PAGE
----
Journalists and lawyers met at their syndicates on Tuesday afternoon to protest President Mohamed Morsy’s constitutional declaration.
Journalists chanted “down with the rule of the Brotherhood” in front of the Press Syndicate under signs condemning the president’s constitutional declaration and the freedom of the press restrictions that journalists have complained about over the last few months.
“We are going to [Tahrir Square] to fight the rise of another dictatorship,” said Rasha Ramzy, a politics journalist. “This constitutional declaration has given us a new dictator.”
Hundreds of lawyers and other demonstrators gathered at the Lawyers Syndicate around the corner from the Press Syndicate. Protesters chanted for the downfall of the supreme guide of the Muslim Brotherhood Mohamed Badie.
“The lawyers of the country reject the [Constituent] Assembly,” shouted the lawyers, who began pouring into Ramsis Street as their numbers grew.
“The most dangerous thing we have seen is that the president independently issues decisions and laws and has completely interfered in the judiciary,” said lawyer Mohamed Nour. “He thinks he has the authority to remove the prosecutor general who he doesn’t like and replace him with one [Talaat Ibrahim] who he does like.
“He’s also limiting the powers of the Supreme Constitutional Court, which has a history of upholding just rulings and protecting the constitution,” he added.
“Those who have risen to power today are happy that they have the authority, but they want to continue to repress the same way the old regime did and want even more power than they did.”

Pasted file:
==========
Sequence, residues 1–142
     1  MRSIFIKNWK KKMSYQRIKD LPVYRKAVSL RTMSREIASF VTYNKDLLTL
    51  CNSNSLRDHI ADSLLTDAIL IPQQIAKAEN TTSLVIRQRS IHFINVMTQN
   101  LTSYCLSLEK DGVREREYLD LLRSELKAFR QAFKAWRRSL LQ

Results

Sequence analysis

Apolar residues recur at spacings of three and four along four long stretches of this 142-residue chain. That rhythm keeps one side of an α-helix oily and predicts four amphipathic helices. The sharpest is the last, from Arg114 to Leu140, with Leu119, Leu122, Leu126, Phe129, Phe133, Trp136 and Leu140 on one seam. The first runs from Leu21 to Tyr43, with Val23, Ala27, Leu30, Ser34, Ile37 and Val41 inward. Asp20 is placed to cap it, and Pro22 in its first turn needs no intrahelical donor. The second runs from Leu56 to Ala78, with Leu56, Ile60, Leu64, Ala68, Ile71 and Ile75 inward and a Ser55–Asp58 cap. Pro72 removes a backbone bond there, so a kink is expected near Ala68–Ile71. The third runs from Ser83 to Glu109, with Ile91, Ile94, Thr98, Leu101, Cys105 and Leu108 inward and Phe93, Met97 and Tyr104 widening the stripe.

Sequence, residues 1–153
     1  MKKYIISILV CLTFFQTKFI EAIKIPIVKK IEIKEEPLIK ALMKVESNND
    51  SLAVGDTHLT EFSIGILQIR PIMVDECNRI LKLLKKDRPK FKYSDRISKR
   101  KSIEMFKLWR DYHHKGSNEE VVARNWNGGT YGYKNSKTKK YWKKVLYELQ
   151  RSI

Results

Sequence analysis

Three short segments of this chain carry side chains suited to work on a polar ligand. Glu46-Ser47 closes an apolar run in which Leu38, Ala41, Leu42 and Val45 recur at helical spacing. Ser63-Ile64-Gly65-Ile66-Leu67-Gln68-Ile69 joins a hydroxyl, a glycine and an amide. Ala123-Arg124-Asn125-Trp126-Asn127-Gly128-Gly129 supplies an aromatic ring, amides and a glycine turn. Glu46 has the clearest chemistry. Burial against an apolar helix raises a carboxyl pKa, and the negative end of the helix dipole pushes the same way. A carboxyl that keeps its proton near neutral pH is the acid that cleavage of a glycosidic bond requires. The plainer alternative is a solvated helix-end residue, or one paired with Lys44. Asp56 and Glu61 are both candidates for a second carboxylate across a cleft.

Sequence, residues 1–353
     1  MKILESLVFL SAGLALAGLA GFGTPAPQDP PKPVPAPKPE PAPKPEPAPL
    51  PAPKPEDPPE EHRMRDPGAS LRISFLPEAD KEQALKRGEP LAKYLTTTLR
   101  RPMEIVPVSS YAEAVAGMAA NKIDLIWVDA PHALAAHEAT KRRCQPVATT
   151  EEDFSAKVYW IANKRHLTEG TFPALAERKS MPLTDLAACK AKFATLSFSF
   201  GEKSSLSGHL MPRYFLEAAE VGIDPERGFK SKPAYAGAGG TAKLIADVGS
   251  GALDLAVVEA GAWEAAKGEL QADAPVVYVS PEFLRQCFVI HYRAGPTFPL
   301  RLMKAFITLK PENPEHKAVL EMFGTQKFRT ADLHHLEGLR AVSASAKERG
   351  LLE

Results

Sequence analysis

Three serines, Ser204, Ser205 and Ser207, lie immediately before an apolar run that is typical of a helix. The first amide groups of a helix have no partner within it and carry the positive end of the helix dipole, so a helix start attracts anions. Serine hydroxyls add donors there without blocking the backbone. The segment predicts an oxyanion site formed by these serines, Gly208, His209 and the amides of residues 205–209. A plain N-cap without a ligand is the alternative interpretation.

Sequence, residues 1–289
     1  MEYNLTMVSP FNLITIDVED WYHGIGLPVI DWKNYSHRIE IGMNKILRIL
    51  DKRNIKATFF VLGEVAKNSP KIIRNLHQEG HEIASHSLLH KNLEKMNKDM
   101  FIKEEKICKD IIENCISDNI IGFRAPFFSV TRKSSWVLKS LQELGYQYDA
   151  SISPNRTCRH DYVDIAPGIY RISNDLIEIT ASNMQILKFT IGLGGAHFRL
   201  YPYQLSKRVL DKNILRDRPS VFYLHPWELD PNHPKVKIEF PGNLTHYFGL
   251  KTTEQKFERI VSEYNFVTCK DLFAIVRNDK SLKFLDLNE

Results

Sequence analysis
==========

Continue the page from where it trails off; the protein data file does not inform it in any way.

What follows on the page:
Osama Boshra, holding a banner with a crescent and a cross that read “Egypt for all Egyptians”, said, “our president has begun collecting powers that are making him a dictator the likes of which Egypt has never seen before.
“He has decided to acquire illegitimate power. There were other ways he could have removed the prosecutor general, but he decided to include it in a declaration that immunises him from judicial rulings and he decided to protect an illegitimate Constituent Assembly and a Shura Council that only a small number of Egyptians voted for.”
The groups from both syndicates marched to Tahrir Square, adding to the thousands of protesters who had already gathered to voice their opposition to Morsy’s constitutional declaration.
The square remained peaceful going into Tuesday afternoon, but clashes continued around Simon Bolivar Square, where young men and security forces threw rocks at each other and the security forces fired tear gas to disperse protesters.
Other groups and movements such as Al-Dostour Party and the Popular Current planned additional marches scheduled to converge on Tahrir Square from different Cairo neighbourhoods after 5pm.